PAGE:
Govt approves legislation to establish Corporate Enforcement Authority

The Government has approved the publication of the Companies Bill 2021, which will transform the Office of the Director of Corporate Enforcement into a statutory and independent agency with additional resources to investigate and prosecute white collar crime.

When the Bill is enacted, the new authority will have more powers to deal with larger, more complex investigations into alleged criminal activity such as fraudulent trading.

Director of Corporate Enforcement, Ian Drennan, said the approval by Government of the legislation marks a watershed moment in Ireland’s strategic approach towards addressing economic and white collar crime.

“With enhanced autonomy and significantly increased levels of investigative assets – including additional legal and digital forensics professionals and seconded members of An Garda Síochána – the Corporate Enforcement Authority will assume the ODCE’s current caseload and will, I anticipate, continue to build on the ODCE’s forensic and robust approach towards tackling serious breaches of company law and associated wrongdoing in both civil and criminal realms.”

Mr Drennan said the approval of the Bill is timely against the backdrop of a likely significant increase in corporate insolvencies resulting from the pandemic.

Tánaiste and Minister for Enterprise, Trade and Employment, Leo Varadkar, said we have seen how intricate and complex some breaches of company law can be and how hard it is to secure prosecutions. He said, as a statutorily independent agency, the CEA will have more autonomy to recruit the specialist staff it needs.

“I am pleased that this new Authority will have all the necessary human resources required, both Civil Service and members of An Garda Síochána, to pursue breaches of Company Law,” the Tánaiste said.

“Already, the budget of the ODCE has been increased by 20% or €1 million to €6.057 million and my Department has sanctioned 14 additional staff to be assigned to the CEA.”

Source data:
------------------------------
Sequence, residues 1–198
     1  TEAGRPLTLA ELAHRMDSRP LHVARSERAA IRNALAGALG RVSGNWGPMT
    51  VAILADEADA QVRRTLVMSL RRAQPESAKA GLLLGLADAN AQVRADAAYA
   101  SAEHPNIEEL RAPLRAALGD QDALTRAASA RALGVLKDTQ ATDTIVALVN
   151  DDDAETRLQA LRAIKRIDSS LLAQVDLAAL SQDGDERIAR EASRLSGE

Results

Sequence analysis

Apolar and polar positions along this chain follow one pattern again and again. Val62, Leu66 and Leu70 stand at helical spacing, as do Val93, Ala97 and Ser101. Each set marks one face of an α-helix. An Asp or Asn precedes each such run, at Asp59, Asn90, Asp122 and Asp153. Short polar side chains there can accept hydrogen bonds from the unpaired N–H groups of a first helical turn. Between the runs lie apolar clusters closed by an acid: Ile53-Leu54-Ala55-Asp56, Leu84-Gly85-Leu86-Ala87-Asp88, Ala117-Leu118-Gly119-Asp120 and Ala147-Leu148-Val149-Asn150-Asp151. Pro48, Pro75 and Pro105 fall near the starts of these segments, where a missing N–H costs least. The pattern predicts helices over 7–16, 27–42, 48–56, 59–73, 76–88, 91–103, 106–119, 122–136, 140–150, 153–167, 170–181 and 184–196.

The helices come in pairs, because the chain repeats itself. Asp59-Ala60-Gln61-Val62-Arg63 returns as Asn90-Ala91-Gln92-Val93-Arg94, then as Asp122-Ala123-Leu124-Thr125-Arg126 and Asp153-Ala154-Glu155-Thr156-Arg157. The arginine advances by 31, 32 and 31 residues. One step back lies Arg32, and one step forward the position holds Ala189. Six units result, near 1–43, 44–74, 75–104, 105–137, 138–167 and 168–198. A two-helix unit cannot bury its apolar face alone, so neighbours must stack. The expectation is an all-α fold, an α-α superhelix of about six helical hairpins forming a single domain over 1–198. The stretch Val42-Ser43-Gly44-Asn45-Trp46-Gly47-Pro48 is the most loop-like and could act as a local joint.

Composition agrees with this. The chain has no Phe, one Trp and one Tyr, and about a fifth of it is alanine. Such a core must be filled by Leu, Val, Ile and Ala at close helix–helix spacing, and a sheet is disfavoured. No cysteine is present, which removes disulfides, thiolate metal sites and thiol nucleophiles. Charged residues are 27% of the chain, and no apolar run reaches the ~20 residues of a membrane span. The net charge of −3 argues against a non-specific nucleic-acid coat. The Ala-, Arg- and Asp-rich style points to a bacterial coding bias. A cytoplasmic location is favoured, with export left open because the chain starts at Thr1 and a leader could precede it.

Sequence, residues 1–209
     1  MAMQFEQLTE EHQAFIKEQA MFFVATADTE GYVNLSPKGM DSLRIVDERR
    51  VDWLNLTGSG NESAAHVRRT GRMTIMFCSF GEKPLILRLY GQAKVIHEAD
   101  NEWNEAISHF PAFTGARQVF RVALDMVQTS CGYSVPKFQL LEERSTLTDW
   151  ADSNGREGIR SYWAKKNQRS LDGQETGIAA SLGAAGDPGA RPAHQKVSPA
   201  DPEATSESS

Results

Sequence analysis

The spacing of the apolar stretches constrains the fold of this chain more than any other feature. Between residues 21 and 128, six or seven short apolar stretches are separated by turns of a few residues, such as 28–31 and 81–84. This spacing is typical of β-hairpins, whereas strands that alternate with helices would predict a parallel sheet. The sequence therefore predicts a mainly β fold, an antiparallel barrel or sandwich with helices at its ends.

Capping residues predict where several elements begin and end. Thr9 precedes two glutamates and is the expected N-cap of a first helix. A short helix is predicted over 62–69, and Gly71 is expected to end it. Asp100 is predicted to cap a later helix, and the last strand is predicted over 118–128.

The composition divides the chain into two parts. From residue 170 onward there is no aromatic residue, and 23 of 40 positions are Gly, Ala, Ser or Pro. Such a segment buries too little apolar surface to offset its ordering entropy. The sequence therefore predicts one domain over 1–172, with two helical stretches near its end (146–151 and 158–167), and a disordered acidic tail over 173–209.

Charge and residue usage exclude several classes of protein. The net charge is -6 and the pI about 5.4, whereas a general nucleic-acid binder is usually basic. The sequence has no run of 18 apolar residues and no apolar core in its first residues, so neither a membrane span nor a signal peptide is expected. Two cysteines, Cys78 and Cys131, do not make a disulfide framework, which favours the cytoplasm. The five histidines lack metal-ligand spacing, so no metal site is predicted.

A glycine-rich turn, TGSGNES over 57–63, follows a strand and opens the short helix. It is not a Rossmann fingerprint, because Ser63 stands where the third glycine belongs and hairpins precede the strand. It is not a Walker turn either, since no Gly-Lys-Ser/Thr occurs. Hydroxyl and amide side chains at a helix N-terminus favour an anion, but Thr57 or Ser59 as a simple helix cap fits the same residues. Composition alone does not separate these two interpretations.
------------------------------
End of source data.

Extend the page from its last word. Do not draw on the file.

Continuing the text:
“The permanent complement of members of An Garda Síochána will double from seven to 16 and so the CEA’s total headcount will have increased nearly 50% over existing levels.”

The Companies (Corporate Enforcement Authority) Bill 2021 will be introduced to the Houses of the Oireachtas in September.

Minister of State for Trade Promotion, Digital & Company Regulation Robert Troy said white-collar crime is a menance to society with huge consequences for the economy nationally and internationally.

“This Bill further strengthens Ireland’s regulatory framework for the conduct of business, and I would hope that it could be enacted in the Autumn session paving the way for the establishment of the CEA next year,” he said.

Director of Corporate Enforcement, Ian Drennan, welcomed the development which he said was timely as it comes against the backdrop of a likely significant increase in corporate insolvencies resulting from the Covid pandemic.

“The approval by Government of legislation paving the way for the establishment of the Corporate Enforcement Authority marks a watershed moment in Ireland’s strategic approach towards addressing economic and white collar crime,” he said.

“With enhanced autonomy and significantly increased levels of investigative assets – including additional legal and digital forensics professionals and seconded members of An Garda Síochána – the CEA will assume the ODCE’s current caseload and will, I anticipate, continue to build on the ODCE’s forensic and robust approach towards tackling serious breaches of company law and associated wrongdoing in both civil and criminal realms.”

Article Source – Govt approves legislation to establish Corporate Enforcement Authority – RTE

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